Florida wants to spend $556 million expanding the road to the Panama City Airport. Photo: Google Maps

Right around the corner, Florida is planning another new highway on the other side of Panama City with a lot of the same problems.

The West Bay Parkway is a $556 million highway project that will run east-west for 25 miles, connecting to the Panama City airport. It involves widening CR 388 and constructing a new 10-mile highway segment. Again, the justification is congestion, despite the slow growth of traffic and population in the region.

Only 5,200 vehicles per day currently travel CR 388, well within the comfortable carrying capacity of a two-lane road, according to FDOT. But transportation planners are inexplicably expecting huge growth. Their modeling assumes a 9.1 percent annual increase in traffic every year for 30 years.

FDOT does not explain why traffic growth would so radically outpace local population growth or statewide driving growth. Even the baseline traffic figure FDOT employs is 174 percent higher than current traffic counts on CR 388, "again, without explanation," notes DeGood.

Even if everything accepting those outrageous projections, FDOT predicts the corridor will generate as few as 7,100 trips per day.

3. Wisconsin State Highway 23 ($145 million)

Downtown Plymouth, Wisconsin. Photo: Wikipedia
Downtown Plymouth, Wisconsin. Photo: Wikipedia

Florida isn't the only state where the DOT runs amok. Wisconsin wants to spend $145 million widening State Highway 23 in the central part of the state, converting the rural road from two lanes to a four-lane divided highway for 19 miles between Fond du Lac and Plymouth. The widening would terminate just before reaching downtown Plymouth (right).

DeGood says the state's case relies on "circular logic." One of the stated reasons for widening the road is that it doesn't meet a standard established by the state in a long-range plan called Corridors 2020, from 1989.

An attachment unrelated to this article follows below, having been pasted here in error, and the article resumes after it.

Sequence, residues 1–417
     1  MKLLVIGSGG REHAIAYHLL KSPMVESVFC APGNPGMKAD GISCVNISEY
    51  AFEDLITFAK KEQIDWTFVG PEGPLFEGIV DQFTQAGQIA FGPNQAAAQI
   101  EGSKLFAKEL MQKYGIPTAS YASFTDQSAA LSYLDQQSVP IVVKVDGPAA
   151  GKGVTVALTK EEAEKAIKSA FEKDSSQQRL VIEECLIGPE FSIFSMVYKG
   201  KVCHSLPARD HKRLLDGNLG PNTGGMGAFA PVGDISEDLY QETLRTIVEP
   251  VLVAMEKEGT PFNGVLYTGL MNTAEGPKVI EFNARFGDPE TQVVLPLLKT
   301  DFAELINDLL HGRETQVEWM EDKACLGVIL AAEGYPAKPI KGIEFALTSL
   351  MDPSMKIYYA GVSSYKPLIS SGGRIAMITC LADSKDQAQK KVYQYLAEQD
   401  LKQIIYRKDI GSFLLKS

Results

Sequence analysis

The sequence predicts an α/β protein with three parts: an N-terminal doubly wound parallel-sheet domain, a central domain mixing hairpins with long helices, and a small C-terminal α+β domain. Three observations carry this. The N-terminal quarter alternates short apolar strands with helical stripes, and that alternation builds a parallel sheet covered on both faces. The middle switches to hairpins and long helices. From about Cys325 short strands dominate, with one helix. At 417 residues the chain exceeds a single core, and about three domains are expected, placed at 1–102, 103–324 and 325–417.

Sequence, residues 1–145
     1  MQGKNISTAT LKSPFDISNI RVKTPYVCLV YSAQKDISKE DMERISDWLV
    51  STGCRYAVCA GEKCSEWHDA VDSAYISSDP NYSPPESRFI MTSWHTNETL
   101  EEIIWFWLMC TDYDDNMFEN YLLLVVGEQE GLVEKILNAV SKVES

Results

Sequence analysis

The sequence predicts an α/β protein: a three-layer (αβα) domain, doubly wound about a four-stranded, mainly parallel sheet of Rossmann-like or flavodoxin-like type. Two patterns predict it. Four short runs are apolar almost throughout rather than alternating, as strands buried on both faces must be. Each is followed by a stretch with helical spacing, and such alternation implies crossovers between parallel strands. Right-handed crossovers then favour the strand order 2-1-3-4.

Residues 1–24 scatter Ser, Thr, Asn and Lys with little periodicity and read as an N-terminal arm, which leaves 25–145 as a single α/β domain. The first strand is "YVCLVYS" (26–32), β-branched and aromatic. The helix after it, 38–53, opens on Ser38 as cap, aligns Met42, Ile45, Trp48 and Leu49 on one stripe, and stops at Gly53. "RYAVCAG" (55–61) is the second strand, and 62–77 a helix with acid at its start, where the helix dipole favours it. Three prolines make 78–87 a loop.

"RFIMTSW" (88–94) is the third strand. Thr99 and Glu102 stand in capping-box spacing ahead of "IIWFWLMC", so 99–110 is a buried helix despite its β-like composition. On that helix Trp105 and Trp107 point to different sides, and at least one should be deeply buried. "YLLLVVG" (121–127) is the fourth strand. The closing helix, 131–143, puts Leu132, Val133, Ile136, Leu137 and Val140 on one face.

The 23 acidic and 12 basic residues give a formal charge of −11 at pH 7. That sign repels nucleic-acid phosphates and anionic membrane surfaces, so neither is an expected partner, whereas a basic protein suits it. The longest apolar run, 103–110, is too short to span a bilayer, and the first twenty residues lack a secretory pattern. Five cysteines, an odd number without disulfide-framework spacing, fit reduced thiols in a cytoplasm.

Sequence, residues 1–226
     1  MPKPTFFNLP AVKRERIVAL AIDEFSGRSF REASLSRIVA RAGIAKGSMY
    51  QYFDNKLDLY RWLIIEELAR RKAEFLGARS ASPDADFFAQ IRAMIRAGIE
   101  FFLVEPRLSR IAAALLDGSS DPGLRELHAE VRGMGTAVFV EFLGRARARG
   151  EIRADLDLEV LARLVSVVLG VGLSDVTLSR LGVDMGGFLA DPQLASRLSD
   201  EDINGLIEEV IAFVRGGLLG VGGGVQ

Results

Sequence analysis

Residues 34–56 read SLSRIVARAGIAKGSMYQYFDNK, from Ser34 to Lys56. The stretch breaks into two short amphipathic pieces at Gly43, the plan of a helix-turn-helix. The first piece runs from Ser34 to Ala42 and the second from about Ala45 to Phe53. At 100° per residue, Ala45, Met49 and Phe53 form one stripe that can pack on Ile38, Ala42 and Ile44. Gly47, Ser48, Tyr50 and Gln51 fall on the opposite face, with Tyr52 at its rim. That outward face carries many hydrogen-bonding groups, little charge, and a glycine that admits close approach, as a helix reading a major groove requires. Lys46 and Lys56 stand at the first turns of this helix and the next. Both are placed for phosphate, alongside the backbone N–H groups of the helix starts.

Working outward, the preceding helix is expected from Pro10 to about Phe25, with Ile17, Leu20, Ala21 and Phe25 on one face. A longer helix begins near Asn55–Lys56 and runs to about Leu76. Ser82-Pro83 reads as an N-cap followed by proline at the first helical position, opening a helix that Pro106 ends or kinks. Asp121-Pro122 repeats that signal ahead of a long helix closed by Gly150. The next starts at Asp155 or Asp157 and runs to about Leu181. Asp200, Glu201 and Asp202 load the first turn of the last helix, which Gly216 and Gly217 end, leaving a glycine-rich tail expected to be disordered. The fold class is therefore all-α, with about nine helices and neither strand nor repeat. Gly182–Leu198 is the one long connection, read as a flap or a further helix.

He explains:

Why are connector roads marked for expansion in the long-range plan? Because they are deficient. Why are connectors deficient? Because they fail to meet the standard set out by the long-range plan.

The Wisconsin Department of Transportation projects traffic between these two little towns will grow by 70 percent over the next 25 years -- which DeGood calls "bewildering." That rate is 17 times faster than the growth of Fond du Lac's population.

These outlandish projections were recently challenged in federal court by a lawsuit from 1000 Friends of Wisconsin, an environmental group, a case that is currently pending. Legal intervention like that is rare, even when traffic projections border on fraud. But without the lawsuit, this project would have been green-lighted for federal funding with almost no questions asked.

As lawmakers craft a federal transportation bill, DeGood recommends safeguards to protect dwindling funds from being wasted on white elephants:

These snapshots illustrate why more money should be distributed on a competitive basis -- where project sponsors must demonstrate value -- and that states that build costly projects that underperform should receive less formula money in the future.